Protection of Information

In this section of our Privacy Policy, we discuss the security measures we take to protect information that we have collected about you.

We have implemented technology and security policies, rules and other measures to protect the personal data that we have under our control from unauthorized access, improper use, alteration, unlawful or accidental destruction, and accidental loss. We also protect your information by requiring that all our employees and others who have access to or are associated with the processing of your data respect your confidentiality. We use security methods to determine the identity of its registered users, so that appropriate rights and restrictions can be enforced for that user. Reliable verification of user identity is called authentication. We use both passwords and usernames, as well as double opt-n verification, to authenticate users. Users are responsible for maintaining their own passwords.

Access to Information and Choices

In this section of our Privacy Policy, we tell you how to obtain and correct information we have about you, and how to choose what types of information you may share with us.

Correction of Information We Have About You

If you believe that registration information collected by our Web site(s) is in error, you may edit your personal profile any time that you like. You can directly edit most of your user profile on the Web site on which you initially registered. Information that you can not edit may only be changed by contacting Web Customer Support (see CONTACTS). Requests for deletion of your record may result in your removal from the registry, but we may keep certain demographic information about you for product improvement purposes. You may contact Web Customer Support and ask for the changes that you would like to make.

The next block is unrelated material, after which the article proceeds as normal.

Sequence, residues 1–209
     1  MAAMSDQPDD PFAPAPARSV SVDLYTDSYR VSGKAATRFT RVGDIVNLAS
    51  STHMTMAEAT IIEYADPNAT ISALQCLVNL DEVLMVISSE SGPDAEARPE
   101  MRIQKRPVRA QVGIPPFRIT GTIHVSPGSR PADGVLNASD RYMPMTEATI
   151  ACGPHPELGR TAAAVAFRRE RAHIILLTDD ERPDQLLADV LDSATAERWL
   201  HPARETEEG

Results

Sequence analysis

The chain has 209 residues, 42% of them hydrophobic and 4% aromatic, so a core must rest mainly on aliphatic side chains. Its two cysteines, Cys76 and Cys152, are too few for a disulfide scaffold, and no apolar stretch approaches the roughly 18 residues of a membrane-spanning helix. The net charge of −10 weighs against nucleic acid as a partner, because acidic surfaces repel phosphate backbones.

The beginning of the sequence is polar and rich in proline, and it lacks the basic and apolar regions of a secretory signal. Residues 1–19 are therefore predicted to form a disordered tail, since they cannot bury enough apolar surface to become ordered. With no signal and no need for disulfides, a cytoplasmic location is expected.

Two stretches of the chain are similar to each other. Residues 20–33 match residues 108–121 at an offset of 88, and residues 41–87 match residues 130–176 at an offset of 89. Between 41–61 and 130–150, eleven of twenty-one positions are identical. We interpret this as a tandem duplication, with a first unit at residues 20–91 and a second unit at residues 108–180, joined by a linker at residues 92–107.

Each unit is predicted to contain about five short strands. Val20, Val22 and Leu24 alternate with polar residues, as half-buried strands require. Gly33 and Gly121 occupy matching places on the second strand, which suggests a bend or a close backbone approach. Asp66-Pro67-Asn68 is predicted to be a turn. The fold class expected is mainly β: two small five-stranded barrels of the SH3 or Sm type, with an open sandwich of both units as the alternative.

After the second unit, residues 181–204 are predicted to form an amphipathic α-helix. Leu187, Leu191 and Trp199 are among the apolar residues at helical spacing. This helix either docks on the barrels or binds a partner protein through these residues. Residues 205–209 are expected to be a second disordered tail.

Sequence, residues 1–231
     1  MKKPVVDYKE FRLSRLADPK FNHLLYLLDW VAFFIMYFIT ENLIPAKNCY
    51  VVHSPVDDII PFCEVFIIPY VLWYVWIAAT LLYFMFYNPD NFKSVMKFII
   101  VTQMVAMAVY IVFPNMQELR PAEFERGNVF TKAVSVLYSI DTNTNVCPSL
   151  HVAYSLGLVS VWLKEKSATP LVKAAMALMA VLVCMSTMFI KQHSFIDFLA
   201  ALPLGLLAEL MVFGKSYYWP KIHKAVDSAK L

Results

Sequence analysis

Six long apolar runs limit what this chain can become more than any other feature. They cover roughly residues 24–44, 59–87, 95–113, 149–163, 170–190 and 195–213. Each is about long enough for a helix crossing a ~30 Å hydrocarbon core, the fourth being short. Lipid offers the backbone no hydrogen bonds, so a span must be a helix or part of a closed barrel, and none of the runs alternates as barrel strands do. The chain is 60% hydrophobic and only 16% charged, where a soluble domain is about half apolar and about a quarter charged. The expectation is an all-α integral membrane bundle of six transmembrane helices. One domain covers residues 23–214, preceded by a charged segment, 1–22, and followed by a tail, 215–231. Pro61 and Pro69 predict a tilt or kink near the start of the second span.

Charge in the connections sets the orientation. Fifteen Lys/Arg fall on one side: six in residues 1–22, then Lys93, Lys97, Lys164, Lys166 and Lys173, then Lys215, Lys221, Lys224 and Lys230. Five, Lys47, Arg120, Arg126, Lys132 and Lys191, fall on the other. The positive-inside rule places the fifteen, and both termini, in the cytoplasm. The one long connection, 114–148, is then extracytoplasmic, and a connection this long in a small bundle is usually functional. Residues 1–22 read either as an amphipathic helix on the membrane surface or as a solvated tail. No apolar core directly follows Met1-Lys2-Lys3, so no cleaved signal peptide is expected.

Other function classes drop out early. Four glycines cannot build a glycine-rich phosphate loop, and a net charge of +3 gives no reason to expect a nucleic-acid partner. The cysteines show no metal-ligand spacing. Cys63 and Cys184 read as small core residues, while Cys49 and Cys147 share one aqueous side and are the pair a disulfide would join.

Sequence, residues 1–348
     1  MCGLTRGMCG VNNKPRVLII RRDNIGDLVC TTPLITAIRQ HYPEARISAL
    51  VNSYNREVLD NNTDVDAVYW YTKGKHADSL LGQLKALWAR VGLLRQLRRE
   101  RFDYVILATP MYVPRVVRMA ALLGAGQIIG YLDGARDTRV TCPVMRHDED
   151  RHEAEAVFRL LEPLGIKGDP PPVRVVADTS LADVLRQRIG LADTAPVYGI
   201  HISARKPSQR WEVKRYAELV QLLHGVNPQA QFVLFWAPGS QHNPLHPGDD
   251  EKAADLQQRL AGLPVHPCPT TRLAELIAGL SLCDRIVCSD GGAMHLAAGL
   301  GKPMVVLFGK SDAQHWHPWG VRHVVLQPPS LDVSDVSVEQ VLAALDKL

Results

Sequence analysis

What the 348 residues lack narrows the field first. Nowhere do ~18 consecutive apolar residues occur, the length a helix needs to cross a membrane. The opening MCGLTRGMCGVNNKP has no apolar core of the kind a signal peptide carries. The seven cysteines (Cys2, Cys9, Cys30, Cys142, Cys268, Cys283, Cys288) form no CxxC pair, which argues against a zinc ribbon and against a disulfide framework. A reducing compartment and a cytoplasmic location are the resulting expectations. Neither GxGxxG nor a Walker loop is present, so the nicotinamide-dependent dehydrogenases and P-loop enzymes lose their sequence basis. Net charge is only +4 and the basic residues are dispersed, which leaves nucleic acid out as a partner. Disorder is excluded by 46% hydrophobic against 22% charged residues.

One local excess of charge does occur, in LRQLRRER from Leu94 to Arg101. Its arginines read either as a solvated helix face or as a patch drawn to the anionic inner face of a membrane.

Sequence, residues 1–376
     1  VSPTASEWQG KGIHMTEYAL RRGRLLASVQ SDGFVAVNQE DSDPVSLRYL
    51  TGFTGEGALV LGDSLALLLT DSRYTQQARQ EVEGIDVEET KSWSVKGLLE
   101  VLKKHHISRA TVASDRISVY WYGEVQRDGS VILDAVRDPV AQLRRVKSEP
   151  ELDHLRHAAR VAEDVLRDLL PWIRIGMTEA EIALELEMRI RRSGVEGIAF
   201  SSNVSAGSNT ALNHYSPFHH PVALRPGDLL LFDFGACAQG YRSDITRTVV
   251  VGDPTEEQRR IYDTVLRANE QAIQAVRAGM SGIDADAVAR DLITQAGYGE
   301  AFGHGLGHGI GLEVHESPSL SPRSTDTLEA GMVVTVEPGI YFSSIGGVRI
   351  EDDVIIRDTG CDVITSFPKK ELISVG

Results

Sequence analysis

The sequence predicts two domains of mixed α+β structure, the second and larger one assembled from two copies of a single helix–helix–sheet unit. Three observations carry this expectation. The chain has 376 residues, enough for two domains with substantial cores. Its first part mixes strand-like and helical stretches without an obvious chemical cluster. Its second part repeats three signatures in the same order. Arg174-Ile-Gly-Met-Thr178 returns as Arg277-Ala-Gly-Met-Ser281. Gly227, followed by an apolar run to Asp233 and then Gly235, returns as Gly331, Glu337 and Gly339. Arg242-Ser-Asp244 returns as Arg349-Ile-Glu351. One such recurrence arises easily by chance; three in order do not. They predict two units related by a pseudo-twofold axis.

Our Employees

Our employees are required to keep customer information private, as a condition of their employment with the company. Only selected, authorized employees are permitted to access personal information. Our employees with access to personally identifiable information are required to attend a confidentiality/privacy training class, and to sign a confidentiality agreement. All employees and contractors must abide by our Privacy Policy, and those who violate that policy are subject to disciplinary action, up to and including termination of their employment and legal action.